An encroaching Union Army; violence, spurred by fear and sanctioned by the state; and the unsettling of the plantation society introduced chaos and uncertainty into the lives of the white and black citizens of Georgia. This is the second main theme in Mohr’s text as he charts the antebellum solidification of slave culture as a distinct Afro-centric culture and the tenuous hold on order held by the slave owners. When war forces the plantation owners to decamp and flee to the interior of Georgia, the slaves see, for the first time, that the power of the slaveholder is not absolute. Additionally, many slave-owners are unable to reestablish plantations in the interior, mainly, Mohr argues, because of wild land speculation and outrageous price gouging by fellow Georgians. This forces plantation refugees to flee to the industrial areas of Georgia and slaves become laborers in the industry of war: hospitals, munitions, mining, metal, etc. Mohr’s strongest and most detailed research is found in a seventy-page fifth chapter examining slaves’ roles in wartime industry.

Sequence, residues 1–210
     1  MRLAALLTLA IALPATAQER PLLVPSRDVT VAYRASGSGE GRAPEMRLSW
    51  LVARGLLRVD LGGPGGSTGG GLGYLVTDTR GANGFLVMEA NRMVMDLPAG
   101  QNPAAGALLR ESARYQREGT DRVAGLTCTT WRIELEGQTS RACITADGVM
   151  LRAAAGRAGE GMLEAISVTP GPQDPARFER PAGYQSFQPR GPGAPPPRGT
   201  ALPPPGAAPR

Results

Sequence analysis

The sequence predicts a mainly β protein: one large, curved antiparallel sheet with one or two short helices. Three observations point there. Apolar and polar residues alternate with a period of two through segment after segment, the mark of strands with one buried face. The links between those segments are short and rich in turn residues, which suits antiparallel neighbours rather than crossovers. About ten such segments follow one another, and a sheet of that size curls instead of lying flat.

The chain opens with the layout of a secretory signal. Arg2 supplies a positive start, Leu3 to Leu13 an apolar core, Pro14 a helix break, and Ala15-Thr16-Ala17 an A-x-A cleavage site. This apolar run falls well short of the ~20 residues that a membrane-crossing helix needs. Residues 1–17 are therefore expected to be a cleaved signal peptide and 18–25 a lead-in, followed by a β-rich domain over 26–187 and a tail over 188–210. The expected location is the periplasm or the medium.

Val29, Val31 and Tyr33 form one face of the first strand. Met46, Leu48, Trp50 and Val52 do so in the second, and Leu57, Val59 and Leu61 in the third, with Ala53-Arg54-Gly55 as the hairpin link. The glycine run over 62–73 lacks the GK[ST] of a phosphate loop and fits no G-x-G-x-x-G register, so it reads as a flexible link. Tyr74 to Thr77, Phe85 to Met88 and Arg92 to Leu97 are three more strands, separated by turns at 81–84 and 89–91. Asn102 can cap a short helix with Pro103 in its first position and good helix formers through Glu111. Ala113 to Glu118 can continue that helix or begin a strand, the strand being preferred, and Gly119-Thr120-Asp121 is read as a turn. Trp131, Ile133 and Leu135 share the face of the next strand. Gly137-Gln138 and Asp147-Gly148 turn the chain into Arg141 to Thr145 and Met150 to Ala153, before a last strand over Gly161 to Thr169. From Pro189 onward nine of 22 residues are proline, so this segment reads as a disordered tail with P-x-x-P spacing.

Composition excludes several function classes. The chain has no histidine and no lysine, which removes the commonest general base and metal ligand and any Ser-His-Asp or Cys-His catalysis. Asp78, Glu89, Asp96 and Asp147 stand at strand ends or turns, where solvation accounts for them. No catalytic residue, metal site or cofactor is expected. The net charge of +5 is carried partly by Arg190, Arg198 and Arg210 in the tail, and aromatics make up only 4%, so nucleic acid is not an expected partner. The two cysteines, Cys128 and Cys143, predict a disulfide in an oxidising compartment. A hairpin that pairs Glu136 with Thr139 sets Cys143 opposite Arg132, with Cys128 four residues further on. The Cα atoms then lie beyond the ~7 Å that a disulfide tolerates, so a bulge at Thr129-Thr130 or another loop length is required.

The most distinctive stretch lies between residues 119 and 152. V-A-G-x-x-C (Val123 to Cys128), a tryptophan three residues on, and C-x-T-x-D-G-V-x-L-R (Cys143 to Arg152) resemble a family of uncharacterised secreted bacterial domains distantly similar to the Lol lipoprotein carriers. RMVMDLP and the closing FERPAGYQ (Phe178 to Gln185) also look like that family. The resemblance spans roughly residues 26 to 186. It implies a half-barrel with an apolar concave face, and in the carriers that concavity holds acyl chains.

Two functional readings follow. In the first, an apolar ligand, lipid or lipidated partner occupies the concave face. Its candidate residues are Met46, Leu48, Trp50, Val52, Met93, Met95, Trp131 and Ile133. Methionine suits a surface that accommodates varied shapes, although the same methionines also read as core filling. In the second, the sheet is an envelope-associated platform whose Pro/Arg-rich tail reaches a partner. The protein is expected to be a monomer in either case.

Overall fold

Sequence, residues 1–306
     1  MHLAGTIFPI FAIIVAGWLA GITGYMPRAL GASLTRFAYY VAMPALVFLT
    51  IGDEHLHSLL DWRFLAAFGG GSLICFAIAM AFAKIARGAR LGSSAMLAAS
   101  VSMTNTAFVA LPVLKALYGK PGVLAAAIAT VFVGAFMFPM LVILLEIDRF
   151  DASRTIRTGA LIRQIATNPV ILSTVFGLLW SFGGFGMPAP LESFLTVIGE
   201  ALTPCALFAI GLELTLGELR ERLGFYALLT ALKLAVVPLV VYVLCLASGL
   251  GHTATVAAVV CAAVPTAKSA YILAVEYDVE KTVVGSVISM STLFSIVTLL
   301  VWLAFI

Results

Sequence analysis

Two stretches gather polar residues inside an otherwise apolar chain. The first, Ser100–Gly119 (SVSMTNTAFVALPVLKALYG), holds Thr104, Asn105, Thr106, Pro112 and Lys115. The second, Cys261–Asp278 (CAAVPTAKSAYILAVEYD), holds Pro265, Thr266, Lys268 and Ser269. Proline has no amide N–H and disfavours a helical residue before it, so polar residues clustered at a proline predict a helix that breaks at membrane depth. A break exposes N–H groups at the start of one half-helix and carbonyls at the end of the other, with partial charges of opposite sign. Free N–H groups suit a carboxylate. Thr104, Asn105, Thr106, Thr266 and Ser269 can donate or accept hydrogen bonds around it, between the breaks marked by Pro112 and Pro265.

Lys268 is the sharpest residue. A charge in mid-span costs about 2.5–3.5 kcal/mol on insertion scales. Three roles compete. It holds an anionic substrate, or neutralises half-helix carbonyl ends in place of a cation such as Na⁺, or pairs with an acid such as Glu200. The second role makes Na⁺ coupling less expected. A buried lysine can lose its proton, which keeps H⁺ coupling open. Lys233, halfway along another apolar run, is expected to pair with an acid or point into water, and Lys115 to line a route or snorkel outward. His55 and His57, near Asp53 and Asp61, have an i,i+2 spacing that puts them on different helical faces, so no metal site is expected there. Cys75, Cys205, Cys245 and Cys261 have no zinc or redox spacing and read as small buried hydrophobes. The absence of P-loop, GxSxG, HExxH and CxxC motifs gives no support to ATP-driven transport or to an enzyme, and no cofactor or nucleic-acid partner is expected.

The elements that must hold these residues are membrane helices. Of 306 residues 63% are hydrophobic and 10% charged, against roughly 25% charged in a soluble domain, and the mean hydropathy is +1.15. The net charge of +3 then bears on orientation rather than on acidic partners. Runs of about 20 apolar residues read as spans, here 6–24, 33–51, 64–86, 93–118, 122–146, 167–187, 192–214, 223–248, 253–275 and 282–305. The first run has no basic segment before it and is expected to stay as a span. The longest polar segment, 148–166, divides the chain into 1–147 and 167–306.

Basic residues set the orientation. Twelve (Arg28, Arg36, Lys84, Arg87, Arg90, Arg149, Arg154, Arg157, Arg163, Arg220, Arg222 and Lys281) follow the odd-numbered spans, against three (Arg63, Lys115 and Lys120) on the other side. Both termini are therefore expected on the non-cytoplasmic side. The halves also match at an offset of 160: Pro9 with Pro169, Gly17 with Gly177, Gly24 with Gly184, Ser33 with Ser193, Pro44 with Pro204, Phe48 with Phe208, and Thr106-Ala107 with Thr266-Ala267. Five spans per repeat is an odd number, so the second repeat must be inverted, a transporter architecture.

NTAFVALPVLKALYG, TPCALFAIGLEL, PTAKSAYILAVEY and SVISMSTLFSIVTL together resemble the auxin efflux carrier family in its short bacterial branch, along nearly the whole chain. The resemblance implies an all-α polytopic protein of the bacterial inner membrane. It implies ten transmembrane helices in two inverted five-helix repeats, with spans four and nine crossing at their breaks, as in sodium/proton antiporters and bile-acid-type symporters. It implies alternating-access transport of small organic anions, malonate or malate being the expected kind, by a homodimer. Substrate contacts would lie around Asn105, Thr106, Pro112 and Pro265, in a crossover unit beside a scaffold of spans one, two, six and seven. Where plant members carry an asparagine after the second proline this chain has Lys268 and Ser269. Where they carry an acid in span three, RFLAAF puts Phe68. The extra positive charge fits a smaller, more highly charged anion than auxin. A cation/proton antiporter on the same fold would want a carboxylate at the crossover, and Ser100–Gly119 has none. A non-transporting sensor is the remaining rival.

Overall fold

Mohr’s third section discusses the changes in the slave system and largely failed attempts at reform of the slave laws in Georgia. Building on evidence presented in the previous two sections, Mohr describes the cumulative effects of war on the white population, the unsettling effects of refugeeing, the impact of religion, and the deeper, strategic issues faced by the Confederacy. The society of fear was maintained by confident, white plantation owners and politicians who became white soldiers generally stationed in Georgia at the beginning of the war. As the whites began to leave, the power and strength behind the threat of violence left with them. In Mohr’s weakest section, he describes this shift in power and strength as the beginning of the end of slavery. He ties this to the opening of abolitionist and reform sentiment among the clergy who supported notions of black literacy and the legitimization of black marriages. As the war drew to its inevitable conclusion, Mohr notes that foreign intrigue prompted Jefferson Davis to consider emancipation in exchange for Anglo-French recognition in the hopes of drawing the North to the peace table. Mohr’s interpretation of the debate over arming the slaves would later be echoed by Robert E. Bonner in Mastering America as Mohr says, “At its deepest level the debate over arming the slaves involved a search for Southern identity and a quest for national purpose” (p.275).